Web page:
Dried, dead leaves scatter my deck, an Adirondack chair sits looking lonely over the creek, the dull grey of the skies has continued now for two days.  Now I am listening to Joan Baez, thinking back, gratefully, to those days in my youth when I first heard Judy Collins and Joan Baez.

We are all tender right now.  Being grateful for the good things in our lives will help us heal, I think.




Letter From Claverack 10 30 2016 The old clock is ticking…

October 31, 2016

As I headed north on the train, I watched mist close over the Hudson River as I drifted off to a nap after an extraordinary brunch with my friends, Mary Clare and Jim Eros, at Café Du Soleil on the Upper West Side. We laughed and giggled and ate and had a good time.

They were off to watch a flotilla of pumpkins in Central Park while I headed down to the station to head north.

It is dark now and the flood lights illuminate the creek.  The ticking of my old clock is about the only sound I can hear and I am contented after a good conference in New York.  Tomorrow is my meeting with my eye surgeon before the cataract operation a week from this coming Wednesday; I am weary of my blurry vision and am grateful I live in an age when repairs can be done to things like this.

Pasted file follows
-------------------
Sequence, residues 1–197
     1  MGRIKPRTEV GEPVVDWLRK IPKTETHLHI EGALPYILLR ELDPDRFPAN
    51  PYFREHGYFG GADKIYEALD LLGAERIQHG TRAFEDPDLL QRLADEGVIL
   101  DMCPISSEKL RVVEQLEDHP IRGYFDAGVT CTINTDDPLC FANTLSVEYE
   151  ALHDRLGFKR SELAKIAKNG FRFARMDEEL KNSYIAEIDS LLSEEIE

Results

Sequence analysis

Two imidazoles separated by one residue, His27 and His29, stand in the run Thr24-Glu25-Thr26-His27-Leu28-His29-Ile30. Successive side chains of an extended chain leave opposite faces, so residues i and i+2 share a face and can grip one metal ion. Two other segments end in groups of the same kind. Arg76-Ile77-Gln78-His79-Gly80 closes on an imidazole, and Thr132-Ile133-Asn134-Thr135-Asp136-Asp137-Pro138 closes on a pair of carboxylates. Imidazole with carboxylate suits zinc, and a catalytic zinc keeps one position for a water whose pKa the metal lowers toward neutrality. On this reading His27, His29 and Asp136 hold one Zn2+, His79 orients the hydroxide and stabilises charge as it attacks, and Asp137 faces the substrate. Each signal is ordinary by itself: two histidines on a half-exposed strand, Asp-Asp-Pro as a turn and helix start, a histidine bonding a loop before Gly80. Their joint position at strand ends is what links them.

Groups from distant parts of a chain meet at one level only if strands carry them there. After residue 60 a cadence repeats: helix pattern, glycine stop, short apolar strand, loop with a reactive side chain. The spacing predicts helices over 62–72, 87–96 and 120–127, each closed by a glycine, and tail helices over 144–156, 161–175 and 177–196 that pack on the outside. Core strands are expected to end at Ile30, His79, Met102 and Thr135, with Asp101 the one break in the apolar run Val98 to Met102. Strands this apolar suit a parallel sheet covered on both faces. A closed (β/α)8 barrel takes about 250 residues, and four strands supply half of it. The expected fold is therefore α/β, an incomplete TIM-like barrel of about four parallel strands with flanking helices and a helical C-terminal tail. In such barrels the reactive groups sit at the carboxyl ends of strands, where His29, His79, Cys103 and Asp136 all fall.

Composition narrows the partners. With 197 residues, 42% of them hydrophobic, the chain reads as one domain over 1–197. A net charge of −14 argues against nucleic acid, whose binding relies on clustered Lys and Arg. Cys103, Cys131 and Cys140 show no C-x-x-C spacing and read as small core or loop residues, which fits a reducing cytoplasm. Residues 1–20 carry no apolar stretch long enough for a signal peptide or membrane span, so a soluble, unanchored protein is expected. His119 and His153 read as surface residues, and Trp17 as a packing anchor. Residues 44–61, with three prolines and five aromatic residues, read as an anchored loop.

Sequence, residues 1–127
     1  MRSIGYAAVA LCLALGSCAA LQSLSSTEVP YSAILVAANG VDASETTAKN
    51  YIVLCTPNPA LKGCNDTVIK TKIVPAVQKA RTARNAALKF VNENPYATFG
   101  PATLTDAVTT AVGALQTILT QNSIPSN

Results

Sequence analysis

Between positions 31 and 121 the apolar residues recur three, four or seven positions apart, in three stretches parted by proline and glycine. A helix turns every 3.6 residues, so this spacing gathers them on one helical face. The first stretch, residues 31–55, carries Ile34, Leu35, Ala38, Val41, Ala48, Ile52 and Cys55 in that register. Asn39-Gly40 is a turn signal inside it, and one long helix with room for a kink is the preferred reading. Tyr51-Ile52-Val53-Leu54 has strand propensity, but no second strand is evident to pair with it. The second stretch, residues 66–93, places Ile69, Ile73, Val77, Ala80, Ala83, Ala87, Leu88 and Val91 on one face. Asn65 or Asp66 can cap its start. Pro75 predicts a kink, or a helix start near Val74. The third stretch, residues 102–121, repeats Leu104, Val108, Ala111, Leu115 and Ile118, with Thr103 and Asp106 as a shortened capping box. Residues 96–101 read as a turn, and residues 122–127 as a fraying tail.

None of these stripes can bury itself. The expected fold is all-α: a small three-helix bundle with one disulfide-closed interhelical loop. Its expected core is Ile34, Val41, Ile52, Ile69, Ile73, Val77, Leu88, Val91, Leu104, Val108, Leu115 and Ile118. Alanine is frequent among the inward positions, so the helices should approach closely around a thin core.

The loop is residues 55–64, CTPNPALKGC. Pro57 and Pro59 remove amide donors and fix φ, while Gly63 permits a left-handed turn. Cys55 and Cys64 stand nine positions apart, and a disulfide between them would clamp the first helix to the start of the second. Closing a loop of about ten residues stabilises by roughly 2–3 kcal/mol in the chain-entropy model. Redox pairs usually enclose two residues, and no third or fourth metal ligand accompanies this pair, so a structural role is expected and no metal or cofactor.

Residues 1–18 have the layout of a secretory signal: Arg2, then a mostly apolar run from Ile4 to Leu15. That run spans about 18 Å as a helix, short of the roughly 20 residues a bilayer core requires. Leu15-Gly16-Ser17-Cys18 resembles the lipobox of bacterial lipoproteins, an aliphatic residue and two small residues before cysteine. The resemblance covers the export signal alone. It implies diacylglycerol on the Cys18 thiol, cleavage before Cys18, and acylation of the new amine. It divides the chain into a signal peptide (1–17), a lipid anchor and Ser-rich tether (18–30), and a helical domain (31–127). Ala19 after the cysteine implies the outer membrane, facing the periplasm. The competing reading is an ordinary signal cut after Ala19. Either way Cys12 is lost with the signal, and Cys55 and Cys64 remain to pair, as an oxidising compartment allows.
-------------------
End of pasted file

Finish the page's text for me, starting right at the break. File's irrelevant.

A century ago, I would have been doomed to live with it if I had been so lucky to live this long.  My friend, the philosopher Howard Bloom, always points out that we have doubled our life expectancy in the last hundred, hundred fifty years.  A great accomplishment.

Things that would have killed us quickly have been either vanquished or we have ways of coping better than ever with what would have been life ending diseases not so very long ago.

Things like that give me some hope.

This week there were articles about robot warriors who could learn to kill using artificial intelligence, making judgments that only humans could before.  While that brings to mind images from “The Terminator,” robots are being also developed to help those who are helpless and to save human lives in other ways.  The Japanese are in the forefront of this because of their aging population.

Mary Clare and Jim split their time between Shepherdstown, WV and New York City.  They describe themselves as the new “young old.”  Both are retired and both are full of energy and life and a passion to explore the world and are an inspiration to me.

The three of us have all, to one degree or another, been tuning out the din of this the last weeks of this election cycle.  It was left to me to explain the newest twist in the Clinton email drama.  Both of them had missed it.  All of us are confused by it and are wondering why the FBI ignored the guidance of the Justice Department to not say anything so as not to appear to be influencing the election.

But it is what it is and is another twist in this most remarkable Presidential election.